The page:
The problem that I think James Jacobs was addressing in his post is labeling real-world concepts in the game world "good" or "evil." Which is how we get into icky territory that's liable to offend people.

That is indeed correct. We gamers are the alignment systems worst enemies in this regard, I think.

As for its potential removal, that is STILL a very remote possibility. I'm pretty sure we'll keep it in the game, since it's such a useful tool for things like paladins, evil monsters, whatever... but it does get exhausting wading through the endless alignment argument threads or trying to remind folks that if we publish details on a character or group or whoever who does reprehensable things we're not actually endorsing those things.

Anathema/codes of conduct, allegiance a la d20 Modern and other such things are far more nuanced tools.

The problem is that about half those threads I have read the first post on aren't actually about Good vs Evil, they are about 'I want to do this thing without having to face the consequences of losing my class abilities, so I am going to try to weasel-word my way out of it', or the corresponding 'One of my players wanted to...'. Anathema and codes of conduct aren't going to reduce the number of those posts, because they aren't about what is good and what is evil, but rather, how do I do what I want consequence free. Nuance just gives more cracks and nooks to weasel.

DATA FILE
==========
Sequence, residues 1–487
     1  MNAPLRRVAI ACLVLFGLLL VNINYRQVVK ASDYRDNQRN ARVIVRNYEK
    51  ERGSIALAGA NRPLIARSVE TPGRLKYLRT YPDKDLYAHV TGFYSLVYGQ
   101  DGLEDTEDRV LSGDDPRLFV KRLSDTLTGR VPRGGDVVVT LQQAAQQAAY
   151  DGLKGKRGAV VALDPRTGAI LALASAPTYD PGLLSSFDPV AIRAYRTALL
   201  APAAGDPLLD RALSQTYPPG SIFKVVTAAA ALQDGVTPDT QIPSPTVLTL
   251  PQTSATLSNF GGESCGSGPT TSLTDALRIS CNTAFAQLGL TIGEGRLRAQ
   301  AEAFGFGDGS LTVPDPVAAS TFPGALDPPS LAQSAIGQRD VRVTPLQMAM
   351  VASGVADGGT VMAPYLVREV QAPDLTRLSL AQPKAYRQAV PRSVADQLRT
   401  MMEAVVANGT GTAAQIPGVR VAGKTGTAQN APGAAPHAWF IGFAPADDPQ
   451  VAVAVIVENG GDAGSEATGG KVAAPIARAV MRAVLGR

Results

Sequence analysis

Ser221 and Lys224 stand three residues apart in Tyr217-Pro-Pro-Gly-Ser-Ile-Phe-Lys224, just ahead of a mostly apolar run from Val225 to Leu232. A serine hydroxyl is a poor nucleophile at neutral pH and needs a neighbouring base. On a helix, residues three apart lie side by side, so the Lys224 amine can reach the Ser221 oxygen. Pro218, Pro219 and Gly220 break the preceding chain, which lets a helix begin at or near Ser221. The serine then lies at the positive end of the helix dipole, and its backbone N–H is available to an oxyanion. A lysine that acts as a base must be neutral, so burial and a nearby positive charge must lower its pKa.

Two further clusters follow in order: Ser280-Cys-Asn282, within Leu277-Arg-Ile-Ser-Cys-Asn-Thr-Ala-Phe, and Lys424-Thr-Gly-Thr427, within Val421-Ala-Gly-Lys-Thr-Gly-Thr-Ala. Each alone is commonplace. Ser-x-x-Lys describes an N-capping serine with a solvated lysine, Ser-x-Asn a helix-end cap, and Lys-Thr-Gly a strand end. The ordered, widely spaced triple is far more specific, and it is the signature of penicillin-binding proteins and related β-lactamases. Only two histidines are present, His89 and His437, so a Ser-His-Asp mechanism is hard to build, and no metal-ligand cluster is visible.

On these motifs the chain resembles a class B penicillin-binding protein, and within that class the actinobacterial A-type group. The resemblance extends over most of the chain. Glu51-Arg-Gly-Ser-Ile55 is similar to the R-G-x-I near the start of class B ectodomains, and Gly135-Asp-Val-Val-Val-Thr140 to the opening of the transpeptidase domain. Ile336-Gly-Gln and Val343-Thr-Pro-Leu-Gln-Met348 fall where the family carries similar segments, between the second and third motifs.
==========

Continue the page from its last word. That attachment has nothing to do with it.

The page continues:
Sovereign Court

Looks like another new way to tell people how to play their characters that wasn't in Pathfinder before. Not a fan of this one either.


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I'm pretty sure GMs calling BS on "no, I am a chaotic neutral cleric of Rovagug, you see, not evil at all" is in no way a new thing.


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James Jacobs wrote:
TheFinish wrote:
The biggest offender in my eyes is Pharasma though. A True Neutral goddess supposedly above it all, playing no favorites except for hating everybody who creates undead....yet she does not have CN and NE worshippers? That just means she does play favorites, with Law and Good.